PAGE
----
Ash Terrence lived in the woods by Charlie's house.
“What are you going to do?” Charlie asked.
“He's going to know what it's like to beg for his life before he dies,” Carly answered. She didn't sound like herself. She was angry, and with good reason.
“Easy,” Liam said, putting a hand on her shoulder. His eyes gleamed in the moonlight. He looked at the house. “It's time.”
Olivia chuckled and stood next to Carly. She smiled. “Oh, darling. We've been waiting for this moment.”
Ash had been drinking a beer when the window to his house exploded. A giant dog had come through, the glass raining down on its back. It took Ash a moment, just a moment, to realize the beast before him wasn't a normal dog, but a wolf.
He cowered from his chair, and lodged himself into a tight corner, screaming. When the wolf didn't advance, but changed right in front of him, Ash cried out. The boy smirked, his yellow eyes radiant in the soft glow of the lamp on the side table.
“Hello, Ash,” he said, his voice cold. “I'm sorry for the intrusion, but we need to speak. It's quite important. Also, I have someone here who would like a word with you.” He looked out the broken window. “Come on, darling.”
Ash tried to control his trembling body, but found it useless under the circumstances. He squeezed his eyes shut, opened them, and shut them again. Again and again. Because there was no way, no fucking way that this was happening. He was either dreaming or severely drunk that he was hallucinating.
“You may be drunk,” said the boy, flashing his canines, “but I can promise you, this is real. It's real and now you're going to pay.”
“Pay?” Ash said, his eyes wide. He clutched the beer bottle tighter. “Who are you?”
“My name is Liam,” the stranger said. “And my dear friend Carly would like to discuss something with you.”
Ash wanted to ask who he was talking about - he didn't know anyone by the name of Carly. But when the girl stepped over the window frame and into the house with her savaged neck, ripped clothes and blood streaked face,that was when he remembered. The memory tugged at him, forced images.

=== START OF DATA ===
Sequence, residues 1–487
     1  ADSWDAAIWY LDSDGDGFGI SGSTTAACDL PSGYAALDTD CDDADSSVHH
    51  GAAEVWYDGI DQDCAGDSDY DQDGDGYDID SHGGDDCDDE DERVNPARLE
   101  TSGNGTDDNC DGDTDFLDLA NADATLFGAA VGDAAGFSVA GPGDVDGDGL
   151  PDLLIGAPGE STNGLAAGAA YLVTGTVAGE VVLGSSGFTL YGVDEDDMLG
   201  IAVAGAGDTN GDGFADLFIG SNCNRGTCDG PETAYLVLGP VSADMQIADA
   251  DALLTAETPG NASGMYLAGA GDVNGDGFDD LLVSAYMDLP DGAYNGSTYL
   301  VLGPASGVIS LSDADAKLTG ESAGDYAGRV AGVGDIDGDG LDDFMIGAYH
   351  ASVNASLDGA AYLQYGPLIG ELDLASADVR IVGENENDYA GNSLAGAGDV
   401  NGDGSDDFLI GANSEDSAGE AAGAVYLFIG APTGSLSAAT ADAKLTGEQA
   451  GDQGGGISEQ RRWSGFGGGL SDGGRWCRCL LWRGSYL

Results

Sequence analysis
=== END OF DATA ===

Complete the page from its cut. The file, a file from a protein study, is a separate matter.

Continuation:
She had been crossing the road, and his brain never told him to stop. He was so wasted that he never registered her until his car slammed into her. Her body flew into his windshield.
Once he opened the door, he vomited. Wiping his mouth, he rushed out into the cold to check on her, already fearing the worst. The fog was so thick that he could barely see his hand in front of his face, but when he approached her, he had to will the second round of vomit down.
The girl lay across the hood, her body broken, mangled, and dead. She was dead. He'd killed someone. Her blood was on his hands, he saw, as he looked down. Her blood was all over him. All over his car. He swallowed and lifted her, and then he heard it.
The flesh of her neck had gotten caught on something and torn. Blood spraying.
Holding the dead girl in one arm, he rummaged through her pockets. For her wallet, an ID, anything that would help him know who she was. He needed to know who she was. And then he found it.
Shoving the wallet into his jeans, he carried her toward a field he'd passed. Dumping her body seemed terribly cruel, but what else was he going to do?
He took out a small knife from his jacket and pressed it to the wound on her neck. Pressed hard and dragged until more of her flesh split.
He stood and waited for another car.
He would claim to have found her.
Murder, he told himself.
He was a murderer.
He would pay for his sins.
He knew she would come for him one day.
“You've come,” he whispered, voice strangled with anguish and fear. “Oh God, I'm so sorry for what I did to you.”
Carly blinked at him, then her eyes grew glassy, hard. “You should be. Because I wasn't dead when you left me there in that field.”
Silence filled the air.
“We're here to give you what you deserve,” a new voice said. Female.
Before Ash closed his eyes, he saw a boy standing over him. A normal boy. A boy who looked afraid, but determined. Then the pain came. It came from everywhere. It exploded inside of him and he couldn't stop it. He screamed and screamed.
And then he didn't move again.